They discovered they had a worthy trade for the Great Dreamer - the box had an egg in it, which held the dreams and hopes of an entire species. Faced with little choice, the players went on till they came to the great dreamer. They argued amongst themselves for a good half hour before finally deciding to give up the Egg - in effect genociding the possibility any 'good' dragons in the Iron Kingdoms universe - but in essence saving every other species in the process. There was no victory at the end - just a sense that they had lost the least.

****Summary end.

My group was seven players at the end, representing a wide array of types of gamers from the Pyromaniac to the metagamer to the quieter and shyer folks. Here are some of the most important lessons I've learnt:

a) There needs to be a balance between prep time and improvisation

This is one of the most important things I learnt through the course of the campaign.

Initially I would only prep a few basic things and we'd have fairly open sessions but with a lot of character bickering and a few places where things would stalled. But as the campaign went onwards my prep time got substantially longer and longer. The sessions became less open ended - but there was a linear set of progressions that prevented the stall points from before. We moved faster through the plot and there were more interesting conversations when things were moving.

Eventually I managed to settle at a balance; I prepped for exactly how long I thought the session was going to last. For a 4 hour session, I prepped 4 hours. 6 for 6 and so forth. If it took longer, I stopped and reconsidered if there was too much material. A good guide was the word count of events in the episode. Every 500 words equates close to 1 hour. 3000 word episodes would be 6 hours of game time.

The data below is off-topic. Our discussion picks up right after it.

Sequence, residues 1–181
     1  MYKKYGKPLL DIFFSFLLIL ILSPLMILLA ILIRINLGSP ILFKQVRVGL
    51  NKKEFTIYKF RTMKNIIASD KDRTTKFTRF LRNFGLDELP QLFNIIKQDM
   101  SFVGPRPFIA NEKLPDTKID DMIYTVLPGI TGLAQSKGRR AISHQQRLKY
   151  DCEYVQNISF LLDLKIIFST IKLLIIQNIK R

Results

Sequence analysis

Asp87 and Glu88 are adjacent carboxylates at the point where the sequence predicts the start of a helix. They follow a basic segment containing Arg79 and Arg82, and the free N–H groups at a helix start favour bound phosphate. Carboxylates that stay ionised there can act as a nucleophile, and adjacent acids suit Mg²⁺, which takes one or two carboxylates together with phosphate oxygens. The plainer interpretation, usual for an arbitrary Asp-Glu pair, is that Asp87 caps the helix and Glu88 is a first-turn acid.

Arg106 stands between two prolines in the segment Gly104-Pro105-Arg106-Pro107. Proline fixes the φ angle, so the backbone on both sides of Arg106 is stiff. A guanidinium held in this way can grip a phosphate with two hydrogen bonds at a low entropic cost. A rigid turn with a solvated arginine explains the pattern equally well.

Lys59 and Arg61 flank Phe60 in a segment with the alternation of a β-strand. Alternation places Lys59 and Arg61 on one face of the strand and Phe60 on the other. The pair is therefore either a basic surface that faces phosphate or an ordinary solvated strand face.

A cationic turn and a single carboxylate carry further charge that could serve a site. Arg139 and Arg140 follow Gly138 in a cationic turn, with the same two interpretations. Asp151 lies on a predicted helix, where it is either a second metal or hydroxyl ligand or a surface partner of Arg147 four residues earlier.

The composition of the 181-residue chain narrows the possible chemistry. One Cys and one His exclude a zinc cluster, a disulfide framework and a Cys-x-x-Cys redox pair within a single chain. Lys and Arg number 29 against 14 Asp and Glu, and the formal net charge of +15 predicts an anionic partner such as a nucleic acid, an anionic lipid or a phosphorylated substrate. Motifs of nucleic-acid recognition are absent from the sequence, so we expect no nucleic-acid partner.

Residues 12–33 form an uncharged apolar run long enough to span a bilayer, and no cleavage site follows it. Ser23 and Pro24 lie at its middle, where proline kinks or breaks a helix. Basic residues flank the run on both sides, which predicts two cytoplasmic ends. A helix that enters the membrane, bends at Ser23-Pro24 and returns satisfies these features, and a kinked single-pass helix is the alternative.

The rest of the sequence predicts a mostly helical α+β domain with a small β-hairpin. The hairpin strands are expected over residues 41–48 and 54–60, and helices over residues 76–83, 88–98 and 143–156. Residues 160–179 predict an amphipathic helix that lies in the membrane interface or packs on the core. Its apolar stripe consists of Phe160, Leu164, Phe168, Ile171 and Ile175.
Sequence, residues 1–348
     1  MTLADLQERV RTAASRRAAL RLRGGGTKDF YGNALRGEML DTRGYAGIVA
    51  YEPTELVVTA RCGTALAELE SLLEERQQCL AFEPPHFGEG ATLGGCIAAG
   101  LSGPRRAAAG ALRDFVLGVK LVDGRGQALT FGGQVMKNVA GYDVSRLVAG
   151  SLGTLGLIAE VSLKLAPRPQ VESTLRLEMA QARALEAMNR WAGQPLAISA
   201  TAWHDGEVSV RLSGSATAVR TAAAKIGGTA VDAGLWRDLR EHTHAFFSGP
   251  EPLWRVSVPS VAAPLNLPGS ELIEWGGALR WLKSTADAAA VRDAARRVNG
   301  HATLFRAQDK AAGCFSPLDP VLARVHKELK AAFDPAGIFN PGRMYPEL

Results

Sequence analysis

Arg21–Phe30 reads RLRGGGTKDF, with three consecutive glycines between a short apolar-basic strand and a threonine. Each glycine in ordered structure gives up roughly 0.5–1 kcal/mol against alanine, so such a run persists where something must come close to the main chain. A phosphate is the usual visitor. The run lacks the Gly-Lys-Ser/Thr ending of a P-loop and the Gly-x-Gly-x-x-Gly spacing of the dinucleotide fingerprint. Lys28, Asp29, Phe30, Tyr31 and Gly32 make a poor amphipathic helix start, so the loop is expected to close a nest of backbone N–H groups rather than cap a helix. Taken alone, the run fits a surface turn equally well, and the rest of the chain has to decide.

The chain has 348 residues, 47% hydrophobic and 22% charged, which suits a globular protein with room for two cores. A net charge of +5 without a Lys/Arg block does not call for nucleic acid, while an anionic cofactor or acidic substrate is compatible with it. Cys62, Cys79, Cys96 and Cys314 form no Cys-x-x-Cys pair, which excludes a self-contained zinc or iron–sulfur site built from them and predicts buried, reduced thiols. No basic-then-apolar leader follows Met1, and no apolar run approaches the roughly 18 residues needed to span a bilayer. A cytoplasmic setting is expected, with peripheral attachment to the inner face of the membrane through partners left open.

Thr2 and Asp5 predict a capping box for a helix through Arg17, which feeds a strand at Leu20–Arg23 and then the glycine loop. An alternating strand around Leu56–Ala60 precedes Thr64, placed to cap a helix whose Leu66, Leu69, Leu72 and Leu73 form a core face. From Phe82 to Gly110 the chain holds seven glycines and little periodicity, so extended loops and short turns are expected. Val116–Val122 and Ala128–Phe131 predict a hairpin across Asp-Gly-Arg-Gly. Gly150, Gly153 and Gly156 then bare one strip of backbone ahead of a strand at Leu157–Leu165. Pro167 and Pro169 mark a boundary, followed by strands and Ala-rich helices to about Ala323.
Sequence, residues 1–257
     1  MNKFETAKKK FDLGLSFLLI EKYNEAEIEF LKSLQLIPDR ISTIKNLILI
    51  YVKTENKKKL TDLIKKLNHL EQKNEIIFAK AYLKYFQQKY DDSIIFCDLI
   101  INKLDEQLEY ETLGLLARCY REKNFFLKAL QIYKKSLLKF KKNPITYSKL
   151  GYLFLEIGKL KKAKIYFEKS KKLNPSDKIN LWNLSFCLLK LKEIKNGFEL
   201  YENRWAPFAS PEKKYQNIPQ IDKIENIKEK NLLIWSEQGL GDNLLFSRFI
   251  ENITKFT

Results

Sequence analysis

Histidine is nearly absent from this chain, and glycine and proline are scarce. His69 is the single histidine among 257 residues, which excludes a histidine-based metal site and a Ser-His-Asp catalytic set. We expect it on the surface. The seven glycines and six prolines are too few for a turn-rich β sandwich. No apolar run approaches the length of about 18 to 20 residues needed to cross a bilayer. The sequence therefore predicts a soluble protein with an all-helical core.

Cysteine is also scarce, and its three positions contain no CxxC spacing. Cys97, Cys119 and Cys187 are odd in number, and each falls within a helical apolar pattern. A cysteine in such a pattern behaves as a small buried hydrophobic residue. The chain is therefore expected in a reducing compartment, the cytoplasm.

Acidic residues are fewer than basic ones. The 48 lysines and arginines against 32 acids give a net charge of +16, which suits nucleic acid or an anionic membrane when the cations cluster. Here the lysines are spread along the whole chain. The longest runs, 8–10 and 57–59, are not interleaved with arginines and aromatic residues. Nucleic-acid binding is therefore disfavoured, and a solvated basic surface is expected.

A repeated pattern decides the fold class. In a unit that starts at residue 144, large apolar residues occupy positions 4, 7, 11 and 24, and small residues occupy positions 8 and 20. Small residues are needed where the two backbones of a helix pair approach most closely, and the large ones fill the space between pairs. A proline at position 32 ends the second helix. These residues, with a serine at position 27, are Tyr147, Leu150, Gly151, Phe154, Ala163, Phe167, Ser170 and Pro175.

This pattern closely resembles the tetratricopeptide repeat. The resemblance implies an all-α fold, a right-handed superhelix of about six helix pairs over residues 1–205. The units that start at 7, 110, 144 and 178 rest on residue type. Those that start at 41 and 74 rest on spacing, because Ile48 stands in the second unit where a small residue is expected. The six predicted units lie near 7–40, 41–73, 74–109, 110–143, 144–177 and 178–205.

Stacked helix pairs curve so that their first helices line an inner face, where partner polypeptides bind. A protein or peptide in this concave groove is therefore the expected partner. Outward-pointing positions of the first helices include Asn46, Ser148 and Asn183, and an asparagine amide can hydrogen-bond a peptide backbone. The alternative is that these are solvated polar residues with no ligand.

I had both open and closed ended preps depending on the campaign. Making a problem, multiple solutions to the problems and thinking as a meta-gamer and seeing how I would avoid a situation entirely and keeping backups. My players sometimes managed to slip through the cracks - but half the time they were close enough to bring back into the plot without it being too strenous since I had been careful with the separation of triggers and plot points.

b) Separation of Triggers and Plot Information

This came from my experience with game/level design in Freespace 2. A Trigger in this case is refers to an entity, NPC, environmental factor or item that triggers the next plot point or advancement. Plot point can be anything, from the main villain becoming visible to a tome or vital piece of information.

I separated the two early on when my players NOPED out of a dungeon, meaning they would have missed out on a lot of important details about their opponents. I realized that they weren't always going to bother to hit the pre-planned in essence, I decided that any possible thing could be a trigger. A mad prophet on the streets. A piece of parchment delivered to them. A conversation in the bar. Intelligence reports. Sometimes even dreams could be sources of inspiration or knowledge.

Decoupling the two concepts allowed for a greater freedom of movement in the plot, letting things develop a lot more naturally and especially deal with some of the metagaming at the upper level.